Canterbury, New Zealand

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Canterbury
Waitaha
Region of New Zealand
Canterbury Region
Canterbury Region within New Zealand
Canterbury Region within New Zealand
Island  New Zealand
Established 1989
Seat Christchurch
Territorial authorities
Government
 • Chairperson Margaret Bazley
Area
 • Region 45,346 km2 (17,508 sq mi)
Demonym Cantabrian
Time zone NZST (UTC+12)
 • Summer (DST) NZDT (UTC+13)
A map showing population density in the Canterbury Region at the 2006 census

The New Zealand region of Canterbury (Māori: Waitaha) is mainly composed of the Canterbury Plains and the surrounding mountains. Its main city, Christchurch, hosts the main office of the Christchurch City Council, the Canterbury Regional Council – called Environment Canterbury (ECAN) – and the University of Canterbury.

History[edit]

Colonisation[edit]

In 1848, Edward Gibbon Wakefield, a Briton, and John Robert Godley, an Anglo-Irish aristocrat, founded the Canterbury Association to establish an Anglican colony in the South Island. The colony was based upon theories developed by Wakefield while in prison for eloping with a woman not-of-age. Due to ties to the prestigious Oxford University, the Canterbury Association succeeded in raising sufficient funds and recruiting middle-class and upper-class settlers.[1] In April 1850, a preliminary group led by Godley landed at Port Cooper—modern-day Lyttleton Harbour—and established a port, housing and shops in preparation for the main body of settlers. In December 1850, the first wave of 750 settlers arrived at Lyttleton in a fleet of four ships.[1]

Following 1850, the province's economy developed with the introduction of sheep farming. The Canterbury region's tussock plains in particular were suitable for extensive sheep farming. Since they were highly valued by settlers for their meat and wool, there were over half a million sheep in the region by the early 1850s. By the 1860s, this figure had risen to three million.[1] During this period, the architect Benjamin Mountfort designed many civic and ecclesiastical buildings in the Gothic Revival style.

Canterbury Province[edit]

Main article: Canterbury Province

The Canterbury Province was formed in 1853 following the passing of the New Zealand Constitution Act 1852 from the part of New Munster Province and covered both the east and west coasts of the South Island. The province was abolished, along with other provinces of New Zealand, when the Abolition of the Provinces Act came into force on 1 Nov 1876.[2]

Geography[edit]

Canterbury is New Zealand's largest region by area, with an area of 45,346 km². The region is traditionally bounded in the north by the Conway River and to the west by the Southern Alps. The southern boundary is the Waitaki River.

The area is commonly divided into North Canterbury (north of the Rakaia River to the Conway River), Mid Canterbury (from the Rakaia River to the Rangitata River), South Canterbury (south of the Rangitata River to the Waitaki River) and Christchurch City. For many purposes South Canterbury is considered a separate region, centred on the city of Timaru.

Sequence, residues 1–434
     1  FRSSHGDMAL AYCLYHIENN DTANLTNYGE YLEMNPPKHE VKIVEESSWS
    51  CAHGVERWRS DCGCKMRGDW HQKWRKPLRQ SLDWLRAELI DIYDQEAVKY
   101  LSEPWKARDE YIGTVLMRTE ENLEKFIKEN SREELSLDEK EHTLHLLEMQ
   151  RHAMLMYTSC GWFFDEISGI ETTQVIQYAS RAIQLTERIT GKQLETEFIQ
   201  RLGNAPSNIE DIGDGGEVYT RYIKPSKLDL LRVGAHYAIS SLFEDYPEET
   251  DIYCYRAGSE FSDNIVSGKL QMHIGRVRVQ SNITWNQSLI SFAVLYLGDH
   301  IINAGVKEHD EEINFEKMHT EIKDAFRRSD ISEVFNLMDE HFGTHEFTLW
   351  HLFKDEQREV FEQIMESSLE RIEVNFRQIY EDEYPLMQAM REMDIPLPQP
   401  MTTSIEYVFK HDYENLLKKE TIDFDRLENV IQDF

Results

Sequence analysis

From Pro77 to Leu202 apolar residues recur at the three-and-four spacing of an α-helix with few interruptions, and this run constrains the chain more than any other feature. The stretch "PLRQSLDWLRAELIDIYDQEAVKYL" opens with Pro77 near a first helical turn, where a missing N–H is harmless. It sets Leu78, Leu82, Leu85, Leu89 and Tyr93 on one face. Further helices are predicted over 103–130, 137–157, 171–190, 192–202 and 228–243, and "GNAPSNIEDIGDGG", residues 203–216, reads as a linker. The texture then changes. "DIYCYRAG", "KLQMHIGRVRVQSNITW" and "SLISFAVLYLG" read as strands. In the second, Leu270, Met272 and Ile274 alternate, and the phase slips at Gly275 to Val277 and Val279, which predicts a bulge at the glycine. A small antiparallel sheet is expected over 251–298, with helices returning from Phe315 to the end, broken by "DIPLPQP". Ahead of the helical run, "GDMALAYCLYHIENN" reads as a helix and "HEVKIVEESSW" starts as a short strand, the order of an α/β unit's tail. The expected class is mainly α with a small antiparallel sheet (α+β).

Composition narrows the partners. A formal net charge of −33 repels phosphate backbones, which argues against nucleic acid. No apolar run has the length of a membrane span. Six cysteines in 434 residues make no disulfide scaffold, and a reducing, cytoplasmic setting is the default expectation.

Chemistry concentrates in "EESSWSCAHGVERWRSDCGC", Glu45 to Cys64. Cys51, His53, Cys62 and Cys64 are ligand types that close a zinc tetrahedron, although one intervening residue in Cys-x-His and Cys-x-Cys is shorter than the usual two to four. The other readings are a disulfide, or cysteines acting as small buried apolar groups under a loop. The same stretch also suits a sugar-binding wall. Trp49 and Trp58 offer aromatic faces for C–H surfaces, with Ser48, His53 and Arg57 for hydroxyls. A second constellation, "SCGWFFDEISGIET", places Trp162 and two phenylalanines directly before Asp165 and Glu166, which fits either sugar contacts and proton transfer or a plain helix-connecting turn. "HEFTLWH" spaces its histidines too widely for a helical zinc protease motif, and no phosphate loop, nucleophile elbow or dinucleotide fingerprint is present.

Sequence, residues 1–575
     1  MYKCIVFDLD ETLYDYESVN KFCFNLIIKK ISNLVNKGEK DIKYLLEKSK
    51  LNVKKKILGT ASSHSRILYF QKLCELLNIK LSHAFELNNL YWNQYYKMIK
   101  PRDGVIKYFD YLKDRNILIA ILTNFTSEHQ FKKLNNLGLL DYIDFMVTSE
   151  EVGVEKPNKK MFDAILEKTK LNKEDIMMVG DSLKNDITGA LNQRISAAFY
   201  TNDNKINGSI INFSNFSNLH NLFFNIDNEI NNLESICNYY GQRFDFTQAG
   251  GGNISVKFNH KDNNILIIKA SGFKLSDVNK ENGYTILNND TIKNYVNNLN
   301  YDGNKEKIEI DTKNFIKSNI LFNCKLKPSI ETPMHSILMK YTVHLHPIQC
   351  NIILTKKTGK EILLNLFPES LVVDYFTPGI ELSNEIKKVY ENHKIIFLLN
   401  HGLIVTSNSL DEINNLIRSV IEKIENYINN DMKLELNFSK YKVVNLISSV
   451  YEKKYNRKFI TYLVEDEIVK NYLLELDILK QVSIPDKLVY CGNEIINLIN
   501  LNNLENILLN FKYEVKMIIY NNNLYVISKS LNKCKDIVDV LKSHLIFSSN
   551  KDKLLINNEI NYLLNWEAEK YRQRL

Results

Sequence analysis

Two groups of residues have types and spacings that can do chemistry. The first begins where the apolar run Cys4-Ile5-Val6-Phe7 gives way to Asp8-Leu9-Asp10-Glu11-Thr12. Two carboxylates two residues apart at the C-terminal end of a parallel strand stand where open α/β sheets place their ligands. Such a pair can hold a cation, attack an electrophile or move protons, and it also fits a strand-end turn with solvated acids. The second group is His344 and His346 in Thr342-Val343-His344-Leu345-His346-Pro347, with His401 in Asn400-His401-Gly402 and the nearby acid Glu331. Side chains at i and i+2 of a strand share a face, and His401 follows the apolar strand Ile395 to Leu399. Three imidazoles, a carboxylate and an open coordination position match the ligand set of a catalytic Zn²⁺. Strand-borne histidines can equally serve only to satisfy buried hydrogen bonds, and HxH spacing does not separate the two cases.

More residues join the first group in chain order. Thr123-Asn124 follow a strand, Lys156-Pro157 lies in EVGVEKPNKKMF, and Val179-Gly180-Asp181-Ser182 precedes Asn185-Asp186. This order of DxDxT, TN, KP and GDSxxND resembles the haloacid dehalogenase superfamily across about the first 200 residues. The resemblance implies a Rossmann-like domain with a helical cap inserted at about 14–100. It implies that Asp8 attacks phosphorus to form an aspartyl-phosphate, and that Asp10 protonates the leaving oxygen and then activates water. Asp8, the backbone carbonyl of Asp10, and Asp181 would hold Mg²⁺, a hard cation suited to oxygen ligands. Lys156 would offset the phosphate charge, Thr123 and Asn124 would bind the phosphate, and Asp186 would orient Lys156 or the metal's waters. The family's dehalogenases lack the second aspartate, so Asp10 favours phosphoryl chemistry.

The population of Canterbury region is 566,000 (June 2013 estimate),[3] making it the largest region in the South Island and the second largest region in New Zealand by population.

Economy[edit]

Crossing the Macauley River, Lilybank Station, Canterbury, New Zealand, 1977.

The Canterbury region’s economy is diversified into agriculture, industry, fishing, forestry, tourism and energy resources such as coal and hydroelectricity.[4] Its agriculture sector is also diversified into dairy farming, sheep farming and horticulture particularly viticulture.[5] The strength of the region's agricultural economy is displayed every November at the Canterbury A&P Show. The show coincides with the regional anniversary day and Cup Week. During the interwar period, agricultural productivity was boosted by the introduction of mechanization, lime and the improvement of seed stocks. Canterbury is also New Zealand's main producer of cereal crops such as wheat, barley and oats. As of 2002, the region produced 60.7% of the nation's supply of wheat, 51.1% of its barley stocks and 43.7% of its supply of oats.[5]

The region's viticulture industry was established by French settlers in Akaroa. Since then, wine-growing is concentrated into two regions: Waipara and Burnham.[5] Recently there have been vintages from plantings from Kurow further to the south. White wine has typically predominated in Canterbury from Riesling, Sauvignon blanc, Chardonnay, Gewürztraminer, and to a lesser extent Pinot blanc and Pinot gris. Pinot noir has had some success in the province particularly in Waipara.

The sub-national GDP of the Canterbury region was estimated at US$15.074 billion in 2003, 12% of New Zealand's national GDP.[6]

Environment[edit]

The Canterbury Plains seen from Mount Hutt

Like much of the Canterbury-Otago tussock grasslands the Canterbury Plains have been highly modified since human settlement and now support a large agricultural industry. Prior to the arrival of Māori settlers in the 13th century, much of the modern Canterbury region was covered in scrub and beech forests. Forest fires destroyed much of the original forest cover which was succeeded by tussock grassland. By the 19th century, only ten percent of this forest cover remained and the European settlers introduced several new exotic grass, lupin, pine and macrocarpa that gradually supplanted the native vegetation. Much of the native vegetation was isolated to the alpine zones and Banks Peninsula. Recently, the amount of forest on Banks Peninsula has increased from a minimum of about one percent of its original forest cover.

The amount of dairy farming is increasing with a corresponding increase in demand for water. Water use is now becoming a contentious issue in Canterbury. Lowland rivers and streams are generally polluted and some of the aquifers are being overdrawn. The Central Plains Water scheme is a proposal for water storage that has attracted much controversy. The Canterbury Water Management Strategy is one of the many means being used to address the water issue.